Donald Trump and his cohorts may deny climate change, but it’s a hot topic in national security circles including the Pentagon as explored in Jared Scott’s The Age of Consequences (http://theageofconsequences.com/), which cites U.S. defence Department reports to the effect that climate extremes are a “threat multiplier” exacerbating resource scarcities (water especially, pointing to consequences brought on by major droughts in Syria and Afghanistan), population displacements, and other conflict-inducing risk factors. In the words of an American general, “climate change as an accelerant to instability” is a real and present danger to long-term U.S. national security interests, something any president should care about.
Helmed by Jeff Orlowski and the team behind Chasing Ice, Chasing Coral (http://www.chasingcoral.com/), winner of the Sundance audience award and available on Netflix, is the product of three-and-half years of globe-trotting undersea exploration which also features remarkable time-lapse photography to chart the damaging effects of ocean temperature rise and acidification on coral reefs. The film drives home that “without a healthy ocean we don’t have a healthy planet.” (A cover feature “Ocean Warning” in the May 27 edition of The Economist puts the problem more bluntly: “The ocean sustains humanity. Humanity treats it with contempt.”) The filmmakers’ challenge is to communicate the urgency of these issues. In part this is done through truly extraordinary images — best appreciated on the big screen — of what is happening in the ocean depths.
The science is alarming. On our blue planet, 72 per cent covered by water, 93 per cent of the warming caused by greenhouse gas emissions is absorbed by the oceans. As well, some of the carbon dioxide pollution is dissolved, making the oceans more acidic. Corals, which have existed for hundreds of millions of years, are complex and diverse organisms — the polyps are animals that contain within themselves micro-algae food factories which give them their fantastic range of colours. Coral reefs play a critical foundational role in ocean ecosystems that contain “galaxies” of amazing life forms we are still discovering. They “have the capacity to build their own habitats” that then serve as support systems for universes of marine life.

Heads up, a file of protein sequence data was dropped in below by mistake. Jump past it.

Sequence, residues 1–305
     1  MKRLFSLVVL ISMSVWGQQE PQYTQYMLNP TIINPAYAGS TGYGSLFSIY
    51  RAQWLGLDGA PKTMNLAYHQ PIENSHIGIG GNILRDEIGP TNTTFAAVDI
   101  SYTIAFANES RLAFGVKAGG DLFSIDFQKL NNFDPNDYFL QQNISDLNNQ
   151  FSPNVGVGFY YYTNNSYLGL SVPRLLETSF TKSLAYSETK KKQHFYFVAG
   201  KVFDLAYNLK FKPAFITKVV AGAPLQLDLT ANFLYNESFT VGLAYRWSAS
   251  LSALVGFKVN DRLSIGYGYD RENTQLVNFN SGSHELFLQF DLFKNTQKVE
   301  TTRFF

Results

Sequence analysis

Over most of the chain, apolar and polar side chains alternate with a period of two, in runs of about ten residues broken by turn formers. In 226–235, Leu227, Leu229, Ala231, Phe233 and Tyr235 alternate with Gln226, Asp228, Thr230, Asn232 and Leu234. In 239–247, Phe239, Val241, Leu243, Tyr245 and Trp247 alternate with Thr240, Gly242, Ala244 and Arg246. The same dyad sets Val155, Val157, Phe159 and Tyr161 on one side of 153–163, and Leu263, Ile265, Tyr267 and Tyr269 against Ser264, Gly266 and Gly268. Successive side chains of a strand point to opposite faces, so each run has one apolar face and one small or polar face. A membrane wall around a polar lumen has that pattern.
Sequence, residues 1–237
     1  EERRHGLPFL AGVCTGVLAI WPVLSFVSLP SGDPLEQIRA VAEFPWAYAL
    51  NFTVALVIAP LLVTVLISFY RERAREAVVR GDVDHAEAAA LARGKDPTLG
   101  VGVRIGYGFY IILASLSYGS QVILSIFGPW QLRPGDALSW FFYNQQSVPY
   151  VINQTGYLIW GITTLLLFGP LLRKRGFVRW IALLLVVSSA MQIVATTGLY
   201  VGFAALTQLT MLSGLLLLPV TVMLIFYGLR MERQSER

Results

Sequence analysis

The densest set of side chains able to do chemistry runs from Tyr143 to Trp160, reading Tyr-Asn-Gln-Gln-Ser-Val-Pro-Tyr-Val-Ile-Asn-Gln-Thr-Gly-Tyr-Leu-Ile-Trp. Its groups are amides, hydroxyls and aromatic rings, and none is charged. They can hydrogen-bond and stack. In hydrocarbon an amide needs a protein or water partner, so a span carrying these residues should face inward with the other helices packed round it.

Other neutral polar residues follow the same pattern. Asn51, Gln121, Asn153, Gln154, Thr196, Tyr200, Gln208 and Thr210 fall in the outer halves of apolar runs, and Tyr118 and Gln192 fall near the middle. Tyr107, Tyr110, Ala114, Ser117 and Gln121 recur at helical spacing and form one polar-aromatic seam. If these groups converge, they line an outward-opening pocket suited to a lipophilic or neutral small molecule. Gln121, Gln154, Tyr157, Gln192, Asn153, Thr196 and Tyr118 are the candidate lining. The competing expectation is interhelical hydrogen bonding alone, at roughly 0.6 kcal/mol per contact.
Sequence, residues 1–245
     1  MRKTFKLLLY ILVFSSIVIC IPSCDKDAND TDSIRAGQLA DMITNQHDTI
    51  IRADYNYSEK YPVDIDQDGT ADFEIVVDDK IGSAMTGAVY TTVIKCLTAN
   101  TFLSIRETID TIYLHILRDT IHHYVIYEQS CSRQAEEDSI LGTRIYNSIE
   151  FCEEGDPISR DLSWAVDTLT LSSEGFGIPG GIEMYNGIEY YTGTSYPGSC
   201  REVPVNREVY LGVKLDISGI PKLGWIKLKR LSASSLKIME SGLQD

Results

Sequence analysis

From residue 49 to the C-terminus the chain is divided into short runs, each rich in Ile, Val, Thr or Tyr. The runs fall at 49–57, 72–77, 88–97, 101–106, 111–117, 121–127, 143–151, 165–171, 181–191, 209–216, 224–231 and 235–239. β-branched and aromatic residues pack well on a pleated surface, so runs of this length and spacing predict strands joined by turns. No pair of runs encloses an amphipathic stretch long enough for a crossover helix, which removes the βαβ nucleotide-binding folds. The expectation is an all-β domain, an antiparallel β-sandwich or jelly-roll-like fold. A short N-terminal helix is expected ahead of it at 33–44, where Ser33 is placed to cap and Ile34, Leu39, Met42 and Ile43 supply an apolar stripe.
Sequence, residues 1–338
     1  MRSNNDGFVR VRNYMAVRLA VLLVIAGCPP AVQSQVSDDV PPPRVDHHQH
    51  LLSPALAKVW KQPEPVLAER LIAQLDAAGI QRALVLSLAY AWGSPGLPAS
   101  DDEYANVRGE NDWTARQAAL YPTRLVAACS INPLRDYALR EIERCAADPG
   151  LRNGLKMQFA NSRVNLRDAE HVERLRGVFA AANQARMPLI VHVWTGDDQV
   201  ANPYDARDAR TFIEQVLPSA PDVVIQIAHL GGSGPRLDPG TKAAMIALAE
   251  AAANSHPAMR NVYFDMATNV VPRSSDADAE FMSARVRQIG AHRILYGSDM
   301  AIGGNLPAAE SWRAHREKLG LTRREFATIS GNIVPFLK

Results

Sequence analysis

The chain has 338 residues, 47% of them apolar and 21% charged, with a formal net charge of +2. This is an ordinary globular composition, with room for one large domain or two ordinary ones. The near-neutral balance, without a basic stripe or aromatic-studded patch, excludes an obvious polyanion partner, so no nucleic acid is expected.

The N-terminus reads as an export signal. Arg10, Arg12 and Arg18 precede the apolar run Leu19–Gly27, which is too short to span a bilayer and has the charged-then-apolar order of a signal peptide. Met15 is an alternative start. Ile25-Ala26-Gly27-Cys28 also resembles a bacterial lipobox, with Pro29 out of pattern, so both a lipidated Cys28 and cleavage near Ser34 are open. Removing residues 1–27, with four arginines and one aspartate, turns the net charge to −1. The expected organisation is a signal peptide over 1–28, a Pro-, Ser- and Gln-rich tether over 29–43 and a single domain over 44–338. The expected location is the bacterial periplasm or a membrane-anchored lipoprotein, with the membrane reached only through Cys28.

The problem is that corals are sensitive to changes in ocean temperature and chemistry caused by global warming. Their stress response leads to bleaching that ultimately leaves dead skeletal remains. Over the past three decades the global loss is 50 per cent and in many areas close to 100 per cent. The rate of loss is increasing and severely affecting natural wonders such as Australia’s Great Barrier Reef. The filmmakers’ complicated underwater camera systems record incontrovertible evidence of what is taking place, including the last gasp of some stressed corals described as “the incredibly beautiful phase of death.”
The reality behind these images warns of a widespread ecological collapse. A montage of bleaching events across the globe is a sign of worse to come. (The Canadian documentary The Sea of Life also features stunning underwater cinematography in tackling the adverse consequences of the climate crisis.) At the same time, the Chasing Coral team and scientific experts insist that resolute action is possible on cutting carbon emissions and transitioning to clean renewable energy sources. The film closes on that optimistic note, “dedicated to all the young people who can and will make a difference.” One hopes its combination of impressive facts and emotional appeal provokes such a response.